Tuesday, May 22, 2018

Making a Worm Bin


Worms are the workhorses of the composting world.
They will go through discarded food bits and paper like nobody's business.
This project has been on my to-do list for quite some time.

Why make a worm bin?
Let me count the reasons!
1.  It's a great way to recycle newspapers and scrap paper.
2.  It's another way to use up daily kitchen scraps.
3.  It's one of the least expensive ways to create compost.
4.  It's simple and quick.
5.  It gives a gardener rich castings to use as a fertilizer.
6.  It's a fantastic way to teach kids about the composting cycle.
7.  It's truly fascinating!


After downsizing many of our belongings,
our extra bins were saved for future projects,
this being one of them.
It's important that the bin not allow light through it,
as worms prefer to work their magic in the dark.
The only tool needed is a drill with a decent-sized drill bit.


 Several holes were drilled into the bottom of the bin.
This allows for the aeration necessary to prevent the contents from getting saturated.
The worms also need air good circulation in order to do their job
and if desired, another lid can be placed underneath the bottom
to collect the liquid that drips down from the interior.
The drippings can be used directly on the garden.
Mother Nature at its best!


 Holes were also drilled into all four sides.
I didn't drill holes in the top because it will be outside,
and I didn't want rainwater getting into the bin.


 The holes were not covered with screen, as I've seen some folks do.
I figure that if I am doing a good job of feeding the worms,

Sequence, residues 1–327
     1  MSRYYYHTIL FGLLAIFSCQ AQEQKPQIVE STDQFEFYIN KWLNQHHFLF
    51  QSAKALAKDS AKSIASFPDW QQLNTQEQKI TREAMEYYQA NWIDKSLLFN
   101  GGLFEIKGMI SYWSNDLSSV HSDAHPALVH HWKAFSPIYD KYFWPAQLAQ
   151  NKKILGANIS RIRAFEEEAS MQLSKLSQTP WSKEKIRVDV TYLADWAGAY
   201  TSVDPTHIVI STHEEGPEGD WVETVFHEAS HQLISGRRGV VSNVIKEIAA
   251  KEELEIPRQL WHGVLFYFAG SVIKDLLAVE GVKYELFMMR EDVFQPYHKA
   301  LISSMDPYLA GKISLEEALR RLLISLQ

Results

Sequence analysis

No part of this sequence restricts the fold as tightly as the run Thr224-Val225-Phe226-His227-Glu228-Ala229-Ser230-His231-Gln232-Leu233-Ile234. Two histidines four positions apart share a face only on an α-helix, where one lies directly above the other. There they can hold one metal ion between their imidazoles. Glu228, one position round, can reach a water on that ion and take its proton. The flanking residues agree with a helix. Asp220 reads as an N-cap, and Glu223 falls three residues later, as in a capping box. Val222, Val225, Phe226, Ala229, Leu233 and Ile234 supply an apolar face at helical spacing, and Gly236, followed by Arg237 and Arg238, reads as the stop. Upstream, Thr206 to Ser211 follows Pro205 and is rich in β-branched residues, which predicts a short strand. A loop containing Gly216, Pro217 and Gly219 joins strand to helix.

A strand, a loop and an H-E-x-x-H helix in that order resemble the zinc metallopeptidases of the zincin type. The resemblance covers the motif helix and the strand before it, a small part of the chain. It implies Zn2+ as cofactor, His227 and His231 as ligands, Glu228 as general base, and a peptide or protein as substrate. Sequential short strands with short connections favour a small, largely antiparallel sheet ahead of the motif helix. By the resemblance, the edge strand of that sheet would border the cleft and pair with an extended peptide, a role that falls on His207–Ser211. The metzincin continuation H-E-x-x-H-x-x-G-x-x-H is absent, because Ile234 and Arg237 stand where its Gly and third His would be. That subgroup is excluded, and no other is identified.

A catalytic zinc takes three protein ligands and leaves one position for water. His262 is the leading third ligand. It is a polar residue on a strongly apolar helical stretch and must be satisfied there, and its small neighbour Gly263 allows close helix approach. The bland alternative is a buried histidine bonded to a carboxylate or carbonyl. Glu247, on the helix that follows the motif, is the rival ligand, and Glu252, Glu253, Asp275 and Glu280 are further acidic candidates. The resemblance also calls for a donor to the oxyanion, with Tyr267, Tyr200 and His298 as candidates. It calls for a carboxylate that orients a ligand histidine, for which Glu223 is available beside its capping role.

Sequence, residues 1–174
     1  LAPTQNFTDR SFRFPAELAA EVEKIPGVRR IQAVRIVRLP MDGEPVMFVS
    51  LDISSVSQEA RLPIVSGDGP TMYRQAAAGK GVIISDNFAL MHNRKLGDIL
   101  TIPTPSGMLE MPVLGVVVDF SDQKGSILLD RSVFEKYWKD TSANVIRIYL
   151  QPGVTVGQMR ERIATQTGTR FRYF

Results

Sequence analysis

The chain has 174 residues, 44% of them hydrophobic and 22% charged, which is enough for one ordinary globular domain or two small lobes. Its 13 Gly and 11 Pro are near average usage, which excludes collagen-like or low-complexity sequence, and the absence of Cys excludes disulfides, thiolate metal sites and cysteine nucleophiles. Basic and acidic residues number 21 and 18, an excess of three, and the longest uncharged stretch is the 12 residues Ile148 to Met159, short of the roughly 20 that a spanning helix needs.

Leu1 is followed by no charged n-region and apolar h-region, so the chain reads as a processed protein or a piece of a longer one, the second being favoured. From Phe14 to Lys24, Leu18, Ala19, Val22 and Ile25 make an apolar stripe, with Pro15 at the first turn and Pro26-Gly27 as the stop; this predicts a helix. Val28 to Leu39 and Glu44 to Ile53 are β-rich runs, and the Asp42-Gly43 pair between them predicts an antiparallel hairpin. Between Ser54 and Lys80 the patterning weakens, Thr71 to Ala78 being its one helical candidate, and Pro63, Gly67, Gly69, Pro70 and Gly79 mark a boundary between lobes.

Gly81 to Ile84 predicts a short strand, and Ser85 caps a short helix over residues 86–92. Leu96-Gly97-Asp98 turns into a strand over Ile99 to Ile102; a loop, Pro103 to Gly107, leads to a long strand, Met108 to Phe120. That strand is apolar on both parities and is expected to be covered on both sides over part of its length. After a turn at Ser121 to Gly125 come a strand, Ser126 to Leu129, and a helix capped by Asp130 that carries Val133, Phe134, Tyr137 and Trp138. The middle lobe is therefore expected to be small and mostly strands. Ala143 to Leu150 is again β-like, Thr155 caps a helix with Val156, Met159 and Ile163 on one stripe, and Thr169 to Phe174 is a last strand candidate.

why would they want to leave?
If you feed them, they will stay!


Shredded newspapers and scrap paper were collected to add to the bin.
This will be moistened before adding the worms.
It's a good idea to enrich the bedding with a bit of soil,
which helps the worms with their digestion.
Food scraps are the final component and
can be added every few days,
but make sure to use a different spot with each supplemental feeding.
Follow these guidelines for allowable food products.
Another layer of shredded paper can go on top of the food.

Once you've added your wigglers, they will find their way to the food,
and keep eating and leaving you their castings.
Collect the castings in a container and use on the garden anytime, 
no need to "cure" with this method.

Place the bin in a place that doesn't get direct sunlight.
I know some folks keep their bins inside the house,
but I don't think I'm quite there yet.
Our garage will serve as their new home in the winter.
For now though, the back porch will suffice.

I'm glad to have finally gotten this project completed.
Now, to find a local source for the worms 
and watch 'em do their thing!
Another step toward self-sufficiency!




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